A “broad-based” investigation into the practices of the New Jersey bail bond business is underway, thanks to the State Commission of Investigation. So, what’s the problem with bail bonds in the Garden State?
According to some law enforcement officials, a number of dangerous criminals, including thieves, drug dealers and even suspected murderers, are enjoying freedom before their trials, due to some questionable “installment” bail bonds methods.
A new breed of bail bondmen is popping up in New Jersey, all marketing themselves as big risk-takers; based, at least, on their weekly payment plan bail schemes. And let’s face it: A weekly payment plan for a lofty bail is often just the ticket for criminals who would otherwise face months behind bars awaiting trial.
Pass by one of these bail bondsmen and you might see a sign in the window offering a “zero-down payment plan” or “instant approval.” This type of language is just what many criminals are looking for, as it is shadowy language for this new breed of bail bond. Although the practice itself is not illegal, the Commission of Investigation is nevertheless looking into this practice to determine if this type of bail system is one that should exist in NJ.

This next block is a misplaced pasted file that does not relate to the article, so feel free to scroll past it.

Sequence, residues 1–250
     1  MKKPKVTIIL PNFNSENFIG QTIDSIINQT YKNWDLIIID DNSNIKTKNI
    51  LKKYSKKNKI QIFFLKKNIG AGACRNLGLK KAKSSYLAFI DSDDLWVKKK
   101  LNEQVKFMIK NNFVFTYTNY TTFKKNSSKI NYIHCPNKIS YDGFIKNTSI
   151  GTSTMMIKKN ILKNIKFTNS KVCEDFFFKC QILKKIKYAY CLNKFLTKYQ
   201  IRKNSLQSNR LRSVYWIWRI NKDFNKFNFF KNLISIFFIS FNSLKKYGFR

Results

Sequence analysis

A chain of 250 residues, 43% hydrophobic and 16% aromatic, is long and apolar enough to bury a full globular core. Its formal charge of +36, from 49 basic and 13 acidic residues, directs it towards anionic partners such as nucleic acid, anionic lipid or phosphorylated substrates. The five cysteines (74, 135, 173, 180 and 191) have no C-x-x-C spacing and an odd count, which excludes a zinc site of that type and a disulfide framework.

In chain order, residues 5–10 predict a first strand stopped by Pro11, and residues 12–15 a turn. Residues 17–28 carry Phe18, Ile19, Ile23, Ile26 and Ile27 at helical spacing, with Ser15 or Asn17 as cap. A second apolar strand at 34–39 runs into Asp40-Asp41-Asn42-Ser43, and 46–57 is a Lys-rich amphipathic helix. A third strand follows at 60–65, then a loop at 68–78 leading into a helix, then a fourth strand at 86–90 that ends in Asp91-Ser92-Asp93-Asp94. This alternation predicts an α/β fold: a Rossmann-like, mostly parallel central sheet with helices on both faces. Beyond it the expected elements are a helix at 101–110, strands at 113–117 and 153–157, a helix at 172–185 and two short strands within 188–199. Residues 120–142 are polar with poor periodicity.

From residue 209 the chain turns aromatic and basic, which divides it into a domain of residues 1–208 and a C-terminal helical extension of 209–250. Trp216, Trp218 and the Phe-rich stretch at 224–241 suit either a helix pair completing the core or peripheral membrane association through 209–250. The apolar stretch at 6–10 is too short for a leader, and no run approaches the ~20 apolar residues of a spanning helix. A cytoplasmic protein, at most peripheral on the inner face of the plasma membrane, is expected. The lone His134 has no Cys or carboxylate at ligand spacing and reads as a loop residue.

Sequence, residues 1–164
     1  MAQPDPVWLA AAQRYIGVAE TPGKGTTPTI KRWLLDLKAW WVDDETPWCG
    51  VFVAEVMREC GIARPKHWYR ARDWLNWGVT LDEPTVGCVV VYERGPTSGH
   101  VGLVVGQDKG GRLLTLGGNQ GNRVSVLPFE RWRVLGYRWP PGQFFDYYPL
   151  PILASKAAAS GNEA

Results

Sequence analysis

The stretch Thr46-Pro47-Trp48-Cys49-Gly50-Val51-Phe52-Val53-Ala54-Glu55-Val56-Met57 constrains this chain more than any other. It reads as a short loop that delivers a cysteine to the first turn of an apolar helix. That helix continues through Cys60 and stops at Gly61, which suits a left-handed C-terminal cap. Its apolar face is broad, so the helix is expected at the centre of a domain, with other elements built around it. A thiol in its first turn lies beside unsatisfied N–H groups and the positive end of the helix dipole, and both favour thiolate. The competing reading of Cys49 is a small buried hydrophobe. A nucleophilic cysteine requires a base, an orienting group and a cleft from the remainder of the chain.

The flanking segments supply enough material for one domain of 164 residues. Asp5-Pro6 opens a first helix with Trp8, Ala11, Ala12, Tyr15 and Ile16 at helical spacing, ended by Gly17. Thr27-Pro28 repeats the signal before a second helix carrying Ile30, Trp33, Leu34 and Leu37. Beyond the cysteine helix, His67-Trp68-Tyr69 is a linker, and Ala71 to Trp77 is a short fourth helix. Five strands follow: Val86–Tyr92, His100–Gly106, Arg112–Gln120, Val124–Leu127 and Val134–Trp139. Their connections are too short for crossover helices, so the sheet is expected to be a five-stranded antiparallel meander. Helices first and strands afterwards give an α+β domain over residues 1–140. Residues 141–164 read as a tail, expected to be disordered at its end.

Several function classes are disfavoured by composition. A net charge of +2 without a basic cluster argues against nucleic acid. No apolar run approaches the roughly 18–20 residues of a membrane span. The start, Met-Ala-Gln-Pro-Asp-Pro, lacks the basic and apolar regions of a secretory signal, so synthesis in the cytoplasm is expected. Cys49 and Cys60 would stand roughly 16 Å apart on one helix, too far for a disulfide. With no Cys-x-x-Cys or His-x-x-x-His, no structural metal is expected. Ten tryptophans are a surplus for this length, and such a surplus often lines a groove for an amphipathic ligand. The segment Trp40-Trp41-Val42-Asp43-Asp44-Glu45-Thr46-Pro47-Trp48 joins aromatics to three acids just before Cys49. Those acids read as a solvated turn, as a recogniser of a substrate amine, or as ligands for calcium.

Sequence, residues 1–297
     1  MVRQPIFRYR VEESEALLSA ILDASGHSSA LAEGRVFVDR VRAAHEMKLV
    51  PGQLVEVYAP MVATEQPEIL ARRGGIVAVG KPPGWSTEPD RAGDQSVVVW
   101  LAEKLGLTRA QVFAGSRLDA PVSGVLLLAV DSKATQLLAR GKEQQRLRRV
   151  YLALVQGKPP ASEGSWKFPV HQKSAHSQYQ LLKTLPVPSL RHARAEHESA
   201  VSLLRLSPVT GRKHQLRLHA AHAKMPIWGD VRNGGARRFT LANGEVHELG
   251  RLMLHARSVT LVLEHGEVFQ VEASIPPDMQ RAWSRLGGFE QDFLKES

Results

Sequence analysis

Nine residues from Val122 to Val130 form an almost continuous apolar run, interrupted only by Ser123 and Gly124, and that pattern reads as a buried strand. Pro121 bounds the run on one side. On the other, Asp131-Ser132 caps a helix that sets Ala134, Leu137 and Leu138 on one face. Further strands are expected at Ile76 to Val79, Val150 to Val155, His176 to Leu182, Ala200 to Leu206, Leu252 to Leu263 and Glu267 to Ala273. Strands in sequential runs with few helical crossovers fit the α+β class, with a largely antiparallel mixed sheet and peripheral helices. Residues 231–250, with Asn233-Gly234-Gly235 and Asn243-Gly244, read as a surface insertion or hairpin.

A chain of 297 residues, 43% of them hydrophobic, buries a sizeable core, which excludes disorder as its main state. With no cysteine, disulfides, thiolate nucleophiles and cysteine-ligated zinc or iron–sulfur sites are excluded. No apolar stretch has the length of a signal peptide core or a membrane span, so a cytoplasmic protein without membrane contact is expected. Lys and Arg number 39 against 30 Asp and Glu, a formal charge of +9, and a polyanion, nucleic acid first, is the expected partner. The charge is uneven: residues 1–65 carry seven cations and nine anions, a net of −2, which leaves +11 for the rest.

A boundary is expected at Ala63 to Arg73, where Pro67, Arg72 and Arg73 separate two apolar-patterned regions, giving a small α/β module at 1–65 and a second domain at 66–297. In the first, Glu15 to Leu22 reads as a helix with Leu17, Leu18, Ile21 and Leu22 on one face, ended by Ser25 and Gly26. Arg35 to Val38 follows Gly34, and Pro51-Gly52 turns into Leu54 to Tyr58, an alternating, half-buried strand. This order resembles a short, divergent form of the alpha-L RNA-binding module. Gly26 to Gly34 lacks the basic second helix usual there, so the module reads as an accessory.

Before the introduction of payment plans in New Jersey, criminal defendants would be required to pay the full premium of the bail. For example, if a bail was set at $100,000, a defendant would need to come up with $10,000 to post bail. Even if the defendant was found not guilty of the crime, the money was not refundable by the bail bondsman.
However, under these new bail bond payment systems, defendants may have to come up with as little as 3 percent and pay the rest in monthly installments to the bail bondsman. The result is that more defendants are able to post bail. But many officials say this is simply making the streets more dangerous by allowing dangerous criminals to roam free as they await trial.
Many prosecutors view this system as deeply flawed, saying that its growth in recent years has “upended” a traditional bail industry that ensures defendants show up in court. Competition among these new bail bondsmen has even resulted in lower, upfront payments, with some offering as little as 0 percent down.
Prosecutors also say that the deals being offered effectively undercut a judge’s order, and many prosecutors report that they regularly see defendants on these low-percentage bails returning to court with new, pending charges.